Making A Pipe Rack

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bentmike

Preferred Member
Jan 25, 2012
2,423
0

I'm a little ashamed to admit it but I don't have a pipe rack. Over the past few years I've gathered a nice collection of burners but I had nothing to rest and display my usual rotation on. I've been wanting to get started on a pipe rack for myself so come on out to my workshop and follow along on my latest project.

So many table top pipe racks are made from spindly low quality wood like pine and stained the usual dark colors. As a woodworking hobbyist that stuff drives me nuts. In my wood supply I have a bunch of solid mahogany that I salvaged from the scraps from a pattern shop. This wood is mostly thick slabs of the beautiful tropical wood but shorter pieces sawn off the ends of huge boards. Not good for much but smaller projects so there was no question of what wood to use for my pipe rack.
After sawing the pieces to rough size on the table saw I ran them through the planer to reduce them to the thickness I wanted.

After cutting and planing all the pieces the next step is laying out the dowel holes. I like using wooden dowel pins in my projects. The pins allow precise fit of the pieces, add more glue surface and let me dry fit the pieces together to make sure everything looks right before the final assembly with glue makes things permanent.

One of my favorite tools is the "Dowel-It" doweling jig. It's basically a steel block with a built in clamp. The block has threaded holes that accept different sized inserts that guide a drill bit. The clamp centers the block on the material holds it dead square so a perfect hole can be drilled.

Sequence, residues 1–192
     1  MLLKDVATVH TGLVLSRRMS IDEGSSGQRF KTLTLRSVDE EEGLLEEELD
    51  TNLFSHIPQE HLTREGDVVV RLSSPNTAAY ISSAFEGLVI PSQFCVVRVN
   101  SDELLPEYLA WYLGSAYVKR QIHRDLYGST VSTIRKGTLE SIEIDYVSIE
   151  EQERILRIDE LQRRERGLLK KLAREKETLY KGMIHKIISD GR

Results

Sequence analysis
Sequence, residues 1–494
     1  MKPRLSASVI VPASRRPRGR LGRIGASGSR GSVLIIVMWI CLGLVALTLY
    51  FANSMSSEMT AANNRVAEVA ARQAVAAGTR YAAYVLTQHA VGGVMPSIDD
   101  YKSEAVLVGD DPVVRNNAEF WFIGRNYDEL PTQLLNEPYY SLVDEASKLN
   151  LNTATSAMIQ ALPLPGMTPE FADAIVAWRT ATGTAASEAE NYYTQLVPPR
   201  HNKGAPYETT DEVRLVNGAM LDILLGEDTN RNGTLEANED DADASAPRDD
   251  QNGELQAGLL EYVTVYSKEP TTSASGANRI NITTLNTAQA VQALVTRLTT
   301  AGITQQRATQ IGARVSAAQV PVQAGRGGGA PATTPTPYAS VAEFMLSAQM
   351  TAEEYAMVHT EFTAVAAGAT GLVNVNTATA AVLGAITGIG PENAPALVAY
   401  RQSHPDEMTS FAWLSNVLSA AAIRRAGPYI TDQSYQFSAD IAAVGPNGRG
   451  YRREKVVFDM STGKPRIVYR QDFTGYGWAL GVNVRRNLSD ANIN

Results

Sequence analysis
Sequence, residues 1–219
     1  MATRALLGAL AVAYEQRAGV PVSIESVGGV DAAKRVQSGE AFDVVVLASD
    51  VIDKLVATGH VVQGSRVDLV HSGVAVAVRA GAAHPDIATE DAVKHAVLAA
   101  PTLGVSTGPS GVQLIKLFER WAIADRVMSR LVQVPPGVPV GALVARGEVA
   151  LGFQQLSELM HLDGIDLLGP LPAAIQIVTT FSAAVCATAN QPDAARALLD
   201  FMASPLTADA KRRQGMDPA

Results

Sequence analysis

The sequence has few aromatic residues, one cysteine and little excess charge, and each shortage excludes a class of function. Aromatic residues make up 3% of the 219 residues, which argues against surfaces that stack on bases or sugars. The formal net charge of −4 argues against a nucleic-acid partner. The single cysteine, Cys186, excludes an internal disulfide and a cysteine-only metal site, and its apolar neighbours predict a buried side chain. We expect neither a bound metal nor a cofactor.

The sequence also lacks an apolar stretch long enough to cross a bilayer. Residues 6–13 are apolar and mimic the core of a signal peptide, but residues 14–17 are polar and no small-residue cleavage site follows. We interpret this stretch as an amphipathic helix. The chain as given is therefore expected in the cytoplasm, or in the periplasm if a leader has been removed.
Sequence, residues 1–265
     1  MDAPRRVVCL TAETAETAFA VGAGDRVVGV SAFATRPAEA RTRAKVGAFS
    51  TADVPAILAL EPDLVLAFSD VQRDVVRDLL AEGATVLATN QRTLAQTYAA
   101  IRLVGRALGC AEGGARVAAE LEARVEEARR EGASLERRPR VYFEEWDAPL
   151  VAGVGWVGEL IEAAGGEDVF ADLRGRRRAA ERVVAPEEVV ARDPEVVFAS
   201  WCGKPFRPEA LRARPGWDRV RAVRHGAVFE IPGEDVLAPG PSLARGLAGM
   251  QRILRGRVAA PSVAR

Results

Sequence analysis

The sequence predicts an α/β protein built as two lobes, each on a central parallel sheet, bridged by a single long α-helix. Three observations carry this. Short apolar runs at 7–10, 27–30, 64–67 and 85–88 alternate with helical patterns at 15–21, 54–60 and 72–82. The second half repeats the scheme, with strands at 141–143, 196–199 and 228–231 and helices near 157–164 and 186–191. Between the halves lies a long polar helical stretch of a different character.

For bigger pieces that won't fit in the doweling jig the drill press does the job.
Here's the pieces drilled and pinned:


Now we're getting to the fun part. The upper piece that the stems of the pipes will rest against needs cutouts that will center and hold the pipes in place. To do this I carefully laid out the centers and used a Forstner bit to cut half rounds in the face of the top piece. In the photo a strip of scrap pine is shown clamped to the mahogany top piece. I did this to prevent tear-out of the wood during the drilling.

Stem rests perfectly spaced and drilled.
Moving on to the base of the pipe rack a row of flat bottomed holes need to be laid out that match the stem rests machined into the top piece. I accomplished this with a bigger 1-3/8" diameter Forstner bit and set the depth stop on the drill press so the holes will only be deep enough to receive a felt pad and provide a small step to hold the pipe bowls in place.